This Jeroboam Boha fragrance review first appeared on the Cafleurebon site.
As a SF aficionado, the Google Deep Dream project fascinated me from the first second I’ve heard about it. In short, it’s an algorithm that locates and alters certain patterns identified in pictures, then it renders back to you the tweaked imagery, based on different parameters, and the results are sometimes nightmarish and at other times strangely… artistic.
I like to tell the following joke a little too often: a team of scientists asked the most intelligent computer they had built: “Is there a God?”, and the computer said “There is… NOW”. In order to birth the Google Deep Dream project, programmers created an artificial neural network, modeled after the human brain, a computer that can learn on its own. If they can learn, will they eventually dream? Will they make art? When we go deeper down the AI rabbit hole of what-ifs, I wonder how alien would visual art be, if based on a completely different set of rules of aesthetics, and the conceptual result of huge amounts crunched-in data.
Dmitriy Slesariev: “I’ve tried thousands of exquisite fragrances. Some are associated with France, others with Italy, some others take us to different places in the world – but my dream is to find and bring home the one fragrance that could reflect the essence of my fellow country-women – the soul and essence of a Ukranian lady”
François Henin: “If you want to get your own fragrance of a Ukrainian woman, you have to ask them questions. The whole country has to be questioned: the people who understand fragrance, men and women who are somehow connected to fragrances. The answer of people in the streets will surprise us as they will be different from those of journalists, fashion magazine editors, professionals of the market. You know me, I am crazy enough to do something that has artistic value and sense.”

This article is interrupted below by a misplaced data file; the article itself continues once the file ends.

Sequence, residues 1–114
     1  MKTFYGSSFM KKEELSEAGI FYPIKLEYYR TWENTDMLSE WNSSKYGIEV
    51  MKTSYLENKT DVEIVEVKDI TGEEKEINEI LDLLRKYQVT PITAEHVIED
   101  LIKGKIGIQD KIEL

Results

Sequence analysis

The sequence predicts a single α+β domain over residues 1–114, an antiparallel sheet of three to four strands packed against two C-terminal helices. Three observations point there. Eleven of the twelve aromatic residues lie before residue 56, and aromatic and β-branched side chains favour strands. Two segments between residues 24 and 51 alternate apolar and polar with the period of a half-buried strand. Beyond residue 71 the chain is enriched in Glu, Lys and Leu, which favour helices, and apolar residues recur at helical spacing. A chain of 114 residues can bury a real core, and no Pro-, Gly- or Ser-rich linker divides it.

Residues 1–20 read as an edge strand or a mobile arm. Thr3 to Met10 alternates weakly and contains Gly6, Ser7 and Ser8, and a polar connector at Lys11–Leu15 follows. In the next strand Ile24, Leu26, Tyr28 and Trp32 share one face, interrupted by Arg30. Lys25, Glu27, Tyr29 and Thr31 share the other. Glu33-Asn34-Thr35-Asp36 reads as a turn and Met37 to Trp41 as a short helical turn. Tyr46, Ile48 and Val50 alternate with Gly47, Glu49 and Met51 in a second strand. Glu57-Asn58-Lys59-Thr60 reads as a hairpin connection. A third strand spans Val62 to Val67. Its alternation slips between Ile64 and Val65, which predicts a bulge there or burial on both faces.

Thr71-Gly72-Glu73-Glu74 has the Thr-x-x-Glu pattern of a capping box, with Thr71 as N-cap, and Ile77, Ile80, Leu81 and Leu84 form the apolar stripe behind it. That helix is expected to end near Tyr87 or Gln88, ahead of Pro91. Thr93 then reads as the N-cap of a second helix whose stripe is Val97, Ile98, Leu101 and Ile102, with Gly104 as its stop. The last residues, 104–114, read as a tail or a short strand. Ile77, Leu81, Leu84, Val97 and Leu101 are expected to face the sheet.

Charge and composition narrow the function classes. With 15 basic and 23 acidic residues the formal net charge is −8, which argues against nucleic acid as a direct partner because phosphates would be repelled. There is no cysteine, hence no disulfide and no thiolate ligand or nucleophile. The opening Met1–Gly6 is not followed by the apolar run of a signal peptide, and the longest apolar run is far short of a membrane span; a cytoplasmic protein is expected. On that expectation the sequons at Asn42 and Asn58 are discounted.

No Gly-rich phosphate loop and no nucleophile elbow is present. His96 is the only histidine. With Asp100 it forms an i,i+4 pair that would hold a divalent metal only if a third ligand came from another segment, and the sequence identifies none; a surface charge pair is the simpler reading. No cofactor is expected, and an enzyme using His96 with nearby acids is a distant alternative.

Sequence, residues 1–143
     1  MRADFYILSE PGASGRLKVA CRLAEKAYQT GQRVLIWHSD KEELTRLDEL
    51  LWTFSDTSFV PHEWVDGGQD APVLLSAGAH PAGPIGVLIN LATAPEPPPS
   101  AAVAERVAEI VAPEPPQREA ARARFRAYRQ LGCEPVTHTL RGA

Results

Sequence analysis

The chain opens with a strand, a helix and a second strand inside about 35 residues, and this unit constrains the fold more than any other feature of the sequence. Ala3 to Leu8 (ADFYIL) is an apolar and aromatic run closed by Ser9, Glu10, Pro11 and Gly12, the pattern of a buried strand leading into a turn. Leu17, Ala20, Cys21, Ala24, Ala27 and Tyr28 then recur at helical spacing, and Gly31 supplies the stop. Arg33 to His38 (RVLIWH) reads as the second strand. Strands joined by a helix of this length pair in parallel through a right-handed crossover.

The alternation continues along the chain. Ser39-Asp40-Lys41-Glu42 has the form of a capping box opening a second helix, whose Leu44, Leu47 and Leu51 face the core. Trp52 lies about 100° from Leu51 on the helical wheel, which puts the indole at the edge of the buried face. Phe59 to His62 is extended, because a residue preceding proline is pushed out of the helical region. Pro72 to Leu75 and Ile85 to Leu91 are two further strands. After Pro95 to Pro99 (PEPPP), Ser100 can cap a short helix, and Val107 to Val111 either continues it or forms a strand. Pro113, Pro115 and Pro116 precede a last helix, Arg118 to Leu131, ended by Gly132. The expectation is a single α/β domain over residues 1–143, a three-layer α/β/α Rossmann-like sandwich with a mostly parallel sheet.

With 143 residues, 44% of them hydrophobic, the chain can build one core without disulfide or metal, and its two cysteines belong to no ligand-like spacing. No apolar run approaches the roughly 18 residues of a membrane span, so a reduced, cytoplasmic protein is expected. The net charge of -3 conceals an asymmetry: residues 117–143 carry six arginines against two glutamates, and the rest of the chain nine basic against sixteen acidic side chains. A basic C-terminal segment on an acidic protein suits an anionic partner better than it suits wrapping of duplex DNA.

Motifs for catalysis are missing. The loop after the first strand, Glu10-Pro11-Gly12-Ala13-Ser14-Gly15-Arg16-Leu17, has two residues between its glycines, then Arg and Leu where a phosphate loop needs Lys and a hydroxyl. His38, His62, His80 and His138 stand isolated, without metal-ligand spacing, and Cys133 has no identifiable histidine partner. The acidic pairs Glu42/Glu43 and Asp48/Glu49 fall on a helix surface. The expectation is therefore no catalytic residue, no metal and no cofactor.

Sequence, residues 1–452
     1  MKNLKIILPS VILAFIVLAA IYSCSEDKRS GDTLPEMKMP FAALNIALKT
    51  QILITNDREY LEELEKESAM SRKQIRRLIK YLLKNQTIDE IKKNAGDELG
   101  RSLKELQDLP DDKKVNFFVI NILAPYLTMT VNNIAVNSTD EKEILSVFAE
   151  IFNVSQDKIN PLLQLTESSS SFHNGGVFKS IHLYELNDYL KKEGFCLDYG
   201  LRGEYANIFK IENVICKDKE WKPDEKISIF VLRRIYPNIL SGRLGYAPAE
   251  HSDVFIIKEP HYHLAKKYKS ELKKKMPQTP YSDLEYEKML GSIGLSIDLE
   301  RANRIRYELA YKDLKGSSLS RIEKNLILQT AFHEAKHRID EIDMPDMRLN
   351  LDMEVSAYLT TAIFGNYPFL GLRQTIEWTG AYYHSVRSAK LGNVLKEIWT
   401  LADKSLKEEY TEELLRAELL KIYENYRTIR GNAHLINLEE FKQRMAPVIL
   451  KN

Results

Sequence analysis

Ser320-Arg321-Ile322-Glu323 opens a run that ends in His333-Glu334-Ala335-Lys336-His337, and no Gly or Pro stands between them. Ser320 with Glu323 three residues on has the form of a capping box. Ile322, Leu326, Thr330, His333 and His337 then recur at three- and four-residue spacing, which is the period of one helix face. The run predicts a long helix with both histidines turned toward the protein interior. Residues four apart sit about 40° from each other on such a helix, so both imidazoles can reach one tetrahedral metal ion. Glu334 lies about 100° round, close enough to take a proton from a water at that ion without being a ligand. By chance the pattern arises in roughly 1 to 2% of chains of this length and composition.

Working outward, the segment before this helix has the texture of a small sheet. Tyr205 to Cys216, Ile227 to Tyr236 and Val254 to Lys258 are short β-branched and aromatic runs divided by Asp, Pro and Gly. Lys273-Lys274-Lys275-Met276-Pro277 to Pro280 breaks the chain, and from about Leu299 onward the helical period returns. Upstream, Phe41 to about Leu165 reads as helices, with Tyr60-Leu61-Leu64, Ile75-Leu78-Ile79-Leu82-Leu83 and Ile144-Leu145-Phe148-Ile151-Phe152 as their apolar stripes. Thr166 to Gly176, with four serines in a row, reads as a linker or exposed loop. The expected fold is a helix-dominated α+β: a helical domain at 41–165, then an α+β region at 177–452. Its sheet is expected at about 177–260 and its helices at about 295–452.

Boha was a meticulous and herculean adventure that took two years to complete. The team gathered various statistic data, studied local trends, targeted different focus groups, observed specificities and preferences and created in-depth fragrant questionnaires in order to pin point the most precise perfume profile of the Ukrainean women, in a perfume inspired and dedicated to them. Dmitriy Slesariev, François Henin, and perfumer Vanina Muracciole played with various ideas, tweaking every aspect until the pieces finally fell into place, and Boha, as we have it now, was created.
The first whiff feels just like taking a bite out of a fresh granny smith apple, down to its seedy core – a burst of green, crisp bergamot, together with a mouthwatering green almond. The shade of vegetal, leafy bright green slowly dissolves into fine nervures of white petals, and the aria sung by the trio of gardenia, jasmine and orange blossom reaches its perfect harmony.
Perfumer Vanina Muracciole, a virtuoso musk alchemist, concocted a “deep dream” scented algorithm, making the flower bouquet bloom in surprising and multidimensional ways, adding enveloping amber accords, and framing the base with oakmoss and sandalwood. The result is the white flower perfume that is both universally beautiful and intricately deep.
Jeroboam Boha was launched in 2018, and the nose is Vanina Muracciole. Top notes: Bergamot, Green almond; Heart notes: Violet leaf, Gardenia, Egyptian jasmine, Orange blossom; Base notes: Amberwood, Musk, Oakmoss, Australian sandalwood
Disclosure: Sample kindly provided by Jovoy Paris, opinions are my own
If you love white florals, also try: Christian Dior Pure Poison